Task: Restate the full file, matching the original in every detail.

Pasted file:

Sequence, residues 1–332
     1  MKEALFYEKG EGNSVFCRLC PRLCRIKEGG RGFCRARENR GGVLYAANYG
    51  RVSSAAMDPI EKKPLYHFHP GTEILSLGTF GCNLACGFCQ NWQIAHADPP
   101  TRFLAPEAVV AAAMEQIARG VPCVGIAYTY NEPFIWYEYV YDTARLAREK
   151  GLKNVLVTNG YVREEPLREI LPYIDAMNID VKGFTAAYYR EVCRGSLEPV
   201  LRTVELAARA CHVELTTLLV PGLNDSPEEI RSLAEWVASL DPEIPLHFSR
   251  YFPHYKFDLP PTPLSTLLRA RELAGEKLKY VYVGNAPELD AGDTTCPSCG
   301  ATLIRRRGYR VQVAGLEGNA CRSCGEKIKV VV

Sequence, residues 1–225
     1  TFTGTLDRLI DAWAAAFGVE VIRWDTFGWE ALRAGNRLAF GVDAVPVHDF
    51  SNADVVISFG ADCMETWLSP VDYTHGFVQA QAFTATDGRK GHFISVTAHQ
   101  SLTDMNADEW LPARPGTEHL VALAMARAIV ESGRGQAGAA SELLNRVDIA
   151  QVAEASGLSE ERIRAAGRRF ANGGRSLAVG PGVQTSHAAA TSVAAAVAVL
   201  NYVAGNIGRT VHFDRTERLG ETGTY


Sequence, residues 1–332
     1  MKEALFYEKG EGNSVFCRLC PRLCRIKEGG RGFCRARENR GGVLYAANYG
    51  RVSSAAMDPI EKKPLYHFHP GTEILSLGTF GCNLACGFCQ NWQIAHADPP
   101  TRFLAPEAVV AAAMEQIARG VPCVGIAYTY NEPFIWYEYV YDTARLAREK
   151  GLKNVLVTNG YVREEPLREI LPYIDAMNID VKGFTAAYYR EVCRGSLEPV
   201  LRTVELAARA CHVELTTLLV PGLNDSPEEI RSLAEWVASL DPEIPLHFSR
   251  YFPHYKFDLP PTPLSTLLRA RELAGEKLKY VYVGNAPELD AGDTTCPSCG
   301  ATLIRRRGYR VQVAGLEGNA CRSCGEKIKV VV

Sequence, residues 1–225
     1  TFTGTLDRLI DAWAAAFGVE VIRWDTFGWE ALRAGNRLAF GVDAVPVHDF
    51  SNADVVISFG ADCMETWLSP VDYTHGFVQA QAFTATDGRK GHFISVTAHQ
   101  SLTDMNADEW LPARPGTEHL VALAMARAIV ESGRGQAGAA SELLNRVDIA
   151  QVAEASGLSE ERIRAAGRRF ANGGRSLAVG PGVQTSHAAA TSVAAAVAVL
   201  NYVAGNIGRT VHFDRTERLG ETGTY